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ISBN:0765347083
Author: Sean McMullen
ISBN13: 978-0765347084
Title: Glass Dragons (The Moonworlds Saga)
Format: lrf azw lit doc
ePUB size: 1743 kb
FB2 size: 1378 kb
DJVU size: 1304 kb
Language: English
Category: Genre Fiction
Publisher: Tor Fantasy; Mass Paperback Edition edition (February 1, 2005)

Glass Dragons (The Moonworlds Saga) by Sean McMullen



Series: The Moonworlds Saga (Book 2). Hardcover: 496 pages. Glass Dragons is Sean McMullen's direct sequel to Voyage of the Shadowmoon. Like the previous book, it is set on a fantasy world, the moon of a large planet, inhabited by people who seem very human though turn out (with one exception) not to be: they have double hearts, for instance. In the first book, an entire continent is destroyed by a terrible weapon, which is only destroyed by the heroic efforts of a large contingent of characters - some of whom end up not quite so heroic by the end.

Sean McMullen (Author). Book 2 of 4 in the Moonworlds Saga Series.

Solid entry in the Moonworlds saga. Published by Thriftbooks. com User, 8 years ago. More sedately paced and less focused than Voyage of the Shadowmoon, but still an enjoyable read. Includes characters from the first book (Terikel & Velander play fairly substantial parts), but I was hoping for more from Laron.

Find the complete Moonworlds Saga book series by Sean McMullen. Great deals on one book or all books in the series. Moonworlds Saga Book Series. Authors: Sean McMullen. The Moonworlds Saga book series by Sean McMullen includes books Voyage of the Shadowmoon, Voidfarer: A Tale of the Moonworlds Saga, Glass Dragons, and several more. Voyage of the Shadowmoon. Voidfarer: A Tale of the Moonworlds Saga

Glass Dragons is Sean McMullen's direct sequel to Voyage of the Shadowmoon.

Australian author McMullen writes like Roger Zelazny at the peak of his powers: his dashing, flamboyant, cleverly resourceful characters trade off insults and reveal surprising abilities as they swagger bravely from one hair-raising scene to another.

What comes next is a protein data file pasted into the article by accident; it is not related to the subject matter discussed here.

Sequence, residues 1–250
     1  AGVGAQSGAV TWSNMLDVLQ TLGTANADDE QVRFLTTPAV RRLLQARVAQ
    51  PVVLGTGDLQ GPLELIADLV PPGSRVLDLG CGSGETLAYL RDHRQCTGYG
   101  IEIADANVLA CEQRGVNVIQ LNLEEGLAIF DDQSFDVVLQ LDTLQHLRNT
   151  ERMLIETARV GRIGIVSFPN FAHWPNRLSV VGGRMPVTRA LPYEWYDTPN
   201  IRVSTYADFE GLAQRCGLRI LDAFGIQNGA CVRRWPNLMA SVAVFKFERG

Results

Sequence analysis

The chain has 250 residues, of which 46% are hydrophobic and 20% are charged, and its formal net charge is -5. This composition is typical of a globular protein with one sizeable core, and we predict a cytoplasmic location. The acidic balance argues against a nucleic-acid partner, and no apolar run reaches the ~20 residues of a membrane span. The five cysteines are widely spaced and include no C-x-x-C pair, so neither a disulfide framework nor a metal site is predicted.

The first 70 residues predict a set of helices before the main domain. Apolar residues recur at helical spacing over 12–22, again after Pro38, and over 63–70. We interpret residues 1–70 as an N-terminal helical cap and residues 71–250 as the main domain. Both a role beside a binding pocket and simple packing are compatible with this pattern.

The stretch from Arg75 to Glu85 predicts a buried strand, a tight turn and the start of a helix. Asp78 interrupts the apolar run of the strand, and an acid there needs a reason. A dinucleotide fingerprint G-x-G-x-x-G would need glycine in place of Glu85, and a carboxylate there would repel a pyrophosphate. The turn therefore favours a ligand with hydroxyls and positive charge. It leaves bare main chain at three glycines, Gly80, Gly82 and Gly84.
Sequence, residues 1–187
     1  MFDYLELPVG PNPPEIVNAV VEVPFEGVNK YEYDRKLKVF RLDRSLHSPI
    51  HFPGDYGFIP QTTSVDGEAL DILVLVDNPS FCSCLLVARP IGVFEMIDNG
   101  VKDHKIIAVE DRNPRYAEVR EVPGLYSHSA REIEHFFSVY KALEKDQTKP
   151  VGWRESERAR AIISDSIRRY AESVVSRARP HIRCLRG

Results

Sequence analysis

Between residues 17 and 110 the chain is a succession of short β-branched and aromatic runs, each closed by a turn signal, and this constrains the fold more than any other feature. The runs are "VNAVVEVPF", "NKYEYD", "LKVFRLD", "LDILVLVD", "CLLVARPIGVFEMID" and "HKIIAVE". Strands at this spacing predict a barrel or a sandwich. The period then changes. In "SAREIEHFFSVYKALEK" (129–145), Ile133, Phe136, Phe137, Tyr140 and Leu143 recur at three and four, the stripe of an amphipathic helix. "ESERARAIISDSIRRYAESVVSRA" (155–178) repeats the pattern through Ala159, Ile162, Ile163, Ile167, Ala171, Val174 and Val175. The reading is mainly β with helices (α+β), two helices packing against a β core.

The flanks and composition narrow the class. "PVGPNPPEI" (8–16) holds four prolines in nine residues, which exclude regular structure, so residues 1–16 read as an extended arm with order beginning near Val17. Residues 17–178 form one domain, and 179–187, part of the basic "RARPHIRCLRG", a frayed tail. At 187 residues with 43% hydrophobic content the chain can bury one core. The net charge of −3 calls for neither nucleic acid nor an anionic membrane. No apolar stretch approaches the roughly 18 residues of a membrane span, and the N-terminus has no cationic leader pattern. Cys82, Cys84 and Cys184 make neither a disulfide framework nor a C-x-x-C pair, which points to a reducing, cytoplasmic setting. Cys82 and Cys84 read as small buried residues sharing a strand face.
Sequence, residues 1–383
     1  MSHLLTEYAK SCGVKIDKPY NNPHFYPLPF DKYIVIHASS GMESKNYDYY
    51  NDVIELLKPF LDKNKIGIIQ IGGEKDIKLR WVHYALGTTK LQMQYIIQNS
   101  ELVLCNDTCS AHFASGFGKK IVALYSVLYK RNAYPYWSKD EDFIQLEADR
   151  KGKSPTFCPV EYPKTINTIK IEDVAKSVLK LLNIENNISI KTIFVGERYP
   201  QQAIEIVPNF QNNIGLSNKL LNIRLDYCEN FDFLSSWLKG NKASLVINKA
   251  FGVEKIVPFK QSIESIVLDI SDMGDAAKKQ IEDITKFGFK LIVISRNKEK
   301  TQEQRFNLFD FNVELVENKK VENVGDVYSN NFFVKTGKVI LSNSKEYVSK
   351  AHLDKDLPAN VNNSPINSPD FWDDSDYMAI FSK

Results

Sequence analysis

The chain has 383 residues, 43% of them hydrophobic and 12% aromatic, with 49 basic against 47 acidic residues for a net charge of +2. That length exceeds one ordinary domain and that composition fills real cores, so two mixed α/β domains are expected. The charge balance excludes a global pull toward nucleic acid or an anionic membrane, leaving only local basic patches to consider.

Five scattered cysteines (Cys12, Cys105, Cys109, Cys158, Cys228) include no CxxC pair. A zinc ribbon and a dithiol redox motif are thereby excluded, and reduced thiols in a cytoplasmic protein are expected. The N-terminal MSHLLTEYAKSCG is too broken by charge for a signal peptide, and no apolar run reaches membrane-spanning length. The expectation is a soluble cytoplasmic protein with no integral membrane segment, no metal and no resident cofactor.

2004) (The second book in the Moonworlds series) A novel by Sean McMullen. Glass Dragons continues the tale of Laron, the chivalrous 100-year-old vampire, the appallingly dangerous and beautiful Velander, and the long-suffering Terikel, as they investigate a sort of magical Manhattan Project which threatens to fall into the wrong hands. Sean McMullen is one of the rare ones who can combine high technology, daring visions of future societies, and strong characters into first-rate science fiction. Similar books by other authors. Scattered Suns ( Saga of Seven Suns, book 4) Kevin J Anderson. Eternity's Mind ( Saga of Shadows, book 3) Kevin J Anderson. The Death of Dulgath ( Riyria Chronicles, book 3) Michael J Sullivan.

Glass Dragons continues the tale of Laron, the chivalrous 700-year-old vampire, the appallingly dangerous and beautiful Velander, and the long-suffering Terikel, as they investigate a secret project of arcane magic, a magic so dangerous it could destroy their world. A project which threatens to fall into the wrong hands. Glass Dragons is a broad and complicated tale, filled with wonderful characters both new and old, woven through with low humor and great courage, built upon grand acts of heroism and love. At the Publisher's request, this title is being sold without Digital Rights.

Sean McMullen's Moonworlds Saga is set on Verral, where inhabitants harness the world's radiation and energy fields and use them as magic  . The Moonworlds Saga (Volume 1) Sean McMullen Tor/Forge.

A broad and complicated novel filled with wonderful characters, woven through with low humor and great courage, and built upon grand acts of heroism and love. It is the tale of Laron, the chivalrous 700-year-old vampire, the appallingly dangerous and beautiful Velander, and the long-suffering Terikel, as they investigate a secret project of arcane magic, a magic so dangerous it could destroy their world . . .
Reviews: 7
Auridora
Seller advertised the book's description accurately. He also shipped the book
well protected so that it arrived undamaged and in a timely manner. I would
recommend this seller and will seek to make further purchases from him.
This Sean Mullen is turning out to be very interesting science fiction.
I would recommend this series. Very enjoyable.
Cheber
The Moonworlds Saga was written with crisp Australian humor which improves with each book. Each could stand on it's own story line, but the series takes you on a fast-paced tour full of adventure and humor. I would like to see it as a movie.
Getaianne
The sequel to the Voyage of the Shadowmoon, The Glass Dragon again unites the main casts to confront a new danger that might again destroy the world.